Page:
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Studer, Jacob Henry, 1840-1904. / Birds of North America

[Plate CXV. Common wild turkey; Mexican turkey. (Meleagris gallopavo.) cont.],   pp. 175-176

Plate CXVI. Ivory gull. (Larus eburneus.),   p. 176

Page 176

blossoms of the fruit trees. Nearly all go north; but a few retire
to the woods to breed. Its song so much resembles that of the
Chestnut-sided Warbler that it might readily be mistaken for it. To
this cause, he thinks, and to the difficulty of seeing such small
birds in the dense summer foliage, is doubtless owing the fact of its
being so commonly overlooked by naturalists during the summer
months, rather than to its [supposed] rarity in that latitude at
that season.
Long-tailed Chickadee, (Parus atricapillus, var. scp~en riorats.)
Fig. I..
This bird is a western variety of the typical species, represented
on Plate XXXII, fig. 4, page 42, and is met with in the Missouri
and Rocky Mountain regions.
Banded, or White-baoked, Three-toed Woodpecker. (Picoides ameri-
canus, var. dorsalis.)
Fig. 12.
A Rocky Mountain variety of the typical species, represented
on Plate LIII, fig. 2, page 79.
Ivory Gull. (Larus eburneus.
Fig. ,.
American Mew Gull. (Larus canes, var. brachyrhynchus.)
Fig. 2.
California Gull. (Larus delawarensis, var. californicus.)
Fig. 3.
Ring-billed Gull. (Larns delawarensis.)
Fig. 4
Glaucous-winged Gull. (Laruesglaucesceus.)
Fig. 5.
White-winged Gull. (Larus lucpeerus.)
Fig. 6.
Glaucous; Ice Gull; Burgomaster. (Larusglaucus.)
Fig. 7.
Franklin's Rosy Gull. (Larusfranhlixi.)
Fig. 32.
Short-billed Gull; Red-legged Kittiwake. (Lares brevirostris.)
Fig. z3.
Pacific Kittiwake Gull. (Larus tridactylus, var. hotsebzWei.)
Fig. £4
Gulls are in the strictest sense all sea birds, and only occasion-
ally wander inland, breeding in northern latitudes among the
various cliffs and rocks. According to Dr. Brehm, Fishing Gulls
walk well, wade readily in the shallow water near the shore, swim
lightly and buoyantly upon a rough sea, and often sleep upon the
water. Their flight is slow, but by no means heavy, and can be
sustained for a considerable time.  With long strokes of their
wings, they sweep onward through the air, sometimes flying in
circles, sometimes mounting upward against the wind, and again
descend to the surface of the sea. In their flights, they appear to
be quite at their ease, even during the wildest storms, and may
frequently be seen plunging into the sea from a considerable
height upon any prey that they may happen to espy. In sagacity
and courage the Gulls are superior to their kindred; but they like-
wise surpass them in thieving and gluttony. They care little for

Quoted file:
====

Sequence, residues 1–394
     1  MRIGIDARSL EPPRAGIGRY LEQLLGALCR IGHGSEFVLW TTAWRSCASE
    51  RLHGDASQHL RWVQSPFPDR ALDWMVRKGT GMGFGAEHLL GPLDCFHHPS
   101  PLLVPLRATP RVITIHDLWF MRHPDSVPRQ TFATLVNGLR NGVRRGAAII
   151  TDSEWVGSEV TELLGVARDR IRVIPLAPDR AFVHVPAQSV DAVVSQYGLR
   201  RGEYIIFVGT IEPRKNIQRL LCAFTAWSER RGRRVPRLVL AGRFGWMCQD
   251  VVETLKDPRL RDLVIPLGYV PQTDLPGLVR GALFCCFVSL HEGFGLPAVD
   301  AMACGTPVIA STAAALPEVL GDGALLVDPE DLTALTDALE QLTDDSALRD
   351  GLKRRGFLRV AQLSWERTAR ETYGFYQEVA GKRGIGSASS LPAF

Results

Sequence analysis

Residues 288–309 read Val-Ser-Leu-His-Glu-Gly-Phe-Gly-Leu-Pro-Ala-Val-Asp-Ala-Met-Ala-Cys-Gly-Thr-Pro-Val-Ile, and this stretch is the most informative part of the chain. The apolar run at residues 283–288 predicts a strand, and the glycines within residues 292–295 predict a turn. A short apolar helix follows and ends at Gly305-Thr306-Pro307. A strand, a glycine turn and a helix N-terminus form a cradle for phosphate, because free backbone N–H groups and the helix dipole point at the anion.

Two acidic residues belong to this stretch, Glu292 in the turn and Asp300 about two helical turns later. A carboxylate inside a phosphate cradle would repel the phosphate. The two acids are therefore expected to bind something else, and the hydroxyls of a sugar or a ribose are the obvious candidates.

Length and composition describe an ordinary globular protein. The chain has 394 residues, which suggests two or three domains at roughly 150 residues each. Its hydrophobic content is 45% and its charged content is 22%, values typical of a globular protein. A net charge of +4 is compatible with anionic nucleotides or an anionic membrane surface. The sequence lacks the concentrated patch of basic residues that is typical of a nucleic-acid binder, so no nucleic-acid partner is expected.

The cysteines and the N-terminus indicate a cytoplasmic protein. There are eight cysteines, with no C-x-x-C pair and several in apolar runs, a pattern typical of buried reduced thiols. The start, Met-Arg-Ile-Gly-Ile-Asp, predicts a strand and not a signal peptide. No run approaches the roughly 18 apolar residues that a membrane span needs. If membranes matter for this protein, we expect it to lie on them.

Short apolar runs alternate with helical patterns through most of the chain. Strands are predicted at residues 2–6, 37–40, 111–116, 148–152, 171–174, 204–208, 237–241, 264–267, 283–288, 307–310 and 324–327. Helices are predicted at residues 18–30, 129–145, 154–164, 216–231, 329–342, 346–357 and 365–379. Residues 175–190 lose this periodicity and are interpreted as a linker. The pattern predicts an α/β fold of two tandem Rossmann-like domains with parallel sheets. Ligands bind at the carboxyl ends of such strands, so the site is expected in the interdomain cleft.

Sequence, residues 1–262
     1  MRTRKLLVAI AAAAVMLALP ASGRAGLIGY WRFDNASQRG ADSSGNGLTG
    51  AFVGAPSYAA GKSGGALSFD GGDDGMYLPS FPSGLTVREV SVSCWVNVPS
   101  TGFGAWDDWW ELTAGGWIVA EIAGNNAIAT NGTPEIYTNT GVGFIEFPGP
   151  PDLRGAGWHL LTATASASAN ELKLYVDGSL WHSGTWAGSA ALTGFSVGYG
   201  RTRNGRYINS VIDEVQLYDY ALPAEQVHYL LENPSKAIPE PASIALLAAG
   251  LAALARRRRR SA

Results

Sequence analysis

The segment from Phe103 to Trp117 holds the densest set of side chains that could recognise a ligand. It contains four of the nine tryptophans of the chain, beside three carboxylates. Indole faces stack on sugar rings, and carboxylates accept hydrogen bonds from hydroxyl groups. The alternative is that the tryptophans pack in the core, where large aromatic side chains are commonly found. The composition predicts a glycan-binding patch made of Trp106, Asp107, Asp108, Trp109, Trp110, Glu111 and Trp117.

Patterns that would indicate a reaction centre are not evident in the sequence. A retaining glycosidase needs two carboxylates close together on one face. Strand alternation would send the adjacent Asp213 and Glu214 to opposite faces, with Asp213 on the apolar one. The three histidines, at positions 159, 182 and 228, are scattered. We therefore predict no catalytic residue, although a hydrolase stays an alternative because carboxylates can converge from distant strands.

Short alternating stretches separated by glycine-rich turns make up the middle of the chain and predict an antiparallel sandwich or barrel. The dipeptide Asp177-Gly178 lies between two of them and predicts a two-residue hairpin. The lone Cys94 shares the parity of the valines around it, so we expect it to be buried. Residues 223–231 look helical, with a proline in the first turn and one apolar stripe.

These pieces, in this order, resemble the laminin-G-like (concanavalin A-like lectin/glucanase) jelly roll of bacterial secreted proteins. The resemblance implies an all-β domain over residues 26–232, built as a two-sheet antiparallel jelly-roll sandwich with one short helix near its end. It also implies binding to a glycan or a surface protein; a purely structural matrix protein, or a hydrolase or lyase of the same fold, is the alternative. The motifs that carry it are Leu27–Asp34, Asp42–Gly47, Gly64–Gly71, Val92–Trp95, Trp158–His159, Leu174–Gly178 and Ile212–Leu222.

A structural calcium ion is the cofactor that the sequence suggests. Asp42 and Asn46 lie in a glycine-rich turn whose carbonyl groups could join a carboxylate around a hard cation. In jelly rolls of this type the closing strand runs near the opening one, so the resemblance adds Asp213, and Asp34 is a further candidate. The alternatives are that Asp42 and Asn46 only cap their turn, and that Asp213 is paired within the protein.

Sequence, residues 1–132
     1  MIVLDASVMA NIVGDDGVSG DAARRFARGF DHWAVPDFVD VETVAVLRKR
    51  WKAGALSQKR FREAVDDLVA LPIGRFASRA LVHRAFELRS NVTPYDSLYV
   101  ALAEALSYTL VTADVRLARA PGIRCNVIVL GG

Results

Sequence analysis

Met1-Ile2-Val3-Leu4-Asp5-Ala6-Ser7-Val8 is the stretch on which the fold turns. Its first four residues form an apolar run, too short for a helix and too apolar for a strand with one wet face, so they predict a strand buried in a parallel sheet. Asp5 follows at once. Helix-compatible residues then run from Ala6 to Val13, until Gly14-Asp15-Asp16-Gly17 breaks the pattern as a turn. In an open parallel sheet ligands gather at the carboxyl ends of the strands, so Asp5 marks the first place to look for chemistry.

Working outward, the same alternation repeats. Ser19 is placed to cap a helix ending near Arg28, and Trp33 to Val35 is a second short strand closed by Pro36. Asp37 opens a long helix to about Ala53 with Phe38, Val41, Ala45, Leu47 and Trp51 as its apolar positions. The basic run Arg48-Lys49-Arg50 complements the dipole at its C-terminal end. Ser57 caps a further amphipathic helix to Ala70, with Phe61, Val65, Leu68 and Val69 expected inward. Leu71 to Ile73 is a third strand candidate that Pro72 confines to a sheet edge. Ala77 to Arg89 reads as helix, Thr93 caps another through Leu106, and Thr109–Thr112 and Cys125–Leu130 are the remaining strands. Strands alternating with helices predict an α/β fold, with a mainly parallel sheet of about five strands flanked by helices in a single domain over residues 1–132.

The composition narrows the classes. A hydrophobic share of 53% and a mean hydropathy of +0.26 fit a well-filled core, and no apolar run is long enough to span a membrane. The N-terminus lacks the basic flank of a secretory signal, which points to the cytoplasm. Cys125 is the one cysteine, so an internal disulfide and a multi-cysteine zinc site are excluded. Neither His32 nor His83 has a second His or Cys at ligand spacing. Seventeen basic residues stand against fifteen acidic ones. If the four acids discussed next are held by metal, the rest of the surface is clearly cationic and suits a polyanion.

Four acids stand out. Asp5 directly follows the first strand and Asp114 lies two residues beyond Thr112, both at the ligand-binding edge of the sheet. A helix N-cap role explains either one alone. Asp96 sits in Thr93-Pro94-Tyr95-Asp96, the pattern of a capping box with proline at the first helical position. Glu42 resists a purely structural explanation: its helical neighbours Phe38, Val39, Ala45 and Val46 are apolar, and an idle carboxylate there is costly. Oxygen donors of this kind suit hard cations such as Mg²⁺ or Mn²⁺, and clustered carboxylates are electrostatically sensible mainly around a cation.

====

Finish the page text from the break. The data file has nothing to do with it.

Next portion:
the society of their brethren; nevertheless, it is a rare thing to see
one of them alone. These Gulls subsist principally on fishes of
various size, and regard carrion, whether of fish or flesh, as very
delectable food. They also kill and devour small quadrupeds and
young or disabled birds. They rob the feebler sea-fowl of their
eggs, and search upon the beach for worms and other animals.
Should the shell of a crab or mussel be too hard for their beak,
they at once fly with it into the air, and- then dropping it from a
sufficient elevation upon the rocks beneath, shatter it to pieces.
The Ivory Gull (fig. I) is a resident of the Arctic Seas, migrat-
ing southward in winter.
The American Mew Gull (fig. 2) is a variety of the European
type, and is a resident of the interior of Arctic America and the
Pacific Coast.
The California Gull (fig. 3). An abundant bird, inhabiting the
interior of Arctic America and the Pacific Coast of North America.
The Ring-billed Gull (fig. 4) is an inhabitant along the larger
waters throughout the interior, as well as the coasts of North
The Glaucous-winged Gull (fig. 5) is met with on the Pacific
Coast of North America.
The White-winged Gull (fig. 6) is met on the Northern and
Arctic Seas, extending its migrations south in winter, on the Pa-
cific Coast of North America, as far as to Long Island.
The Ice Gull (fig. 7) has the same habitat as the last named.
The Franklin Rosy Gull (fig. I2). An abundant interior species
that is met with in the high latitudes of North America, and ex-
tends its migrations in winter to Central and South America,
Mexico, and part of the West Indies.
The Short-billed Gull (fig. 13) is an abundant species of the
North Pacific Coast.
The Pacific Kittiwake Gull (fig. 14) has the same habitat as the
last named.
White-bellied Petrel; Black and White Stormy Petrel.
Fig. &
There is but one instance of the taking of a specimen of this
species, and that was obtained on the Florida Coast. The habits
of this Petrel are about the same as those described on page i6o.
Pacific Black-throated Diver. (Colymbzus arcticus, var. pacoifcus.y
Fig. 9.
This variety of the typical species, represented on Plate CVI,
fig. IO, page I6o, is a very common bird on the coast of Califor-
nia in winter.
Noddy Tern. (Anous stolidus.)
Fig. to.
This is a very common species of the South Atlantic and Pacific
Coasts. It passes its time mostly far out at sea, flying near the

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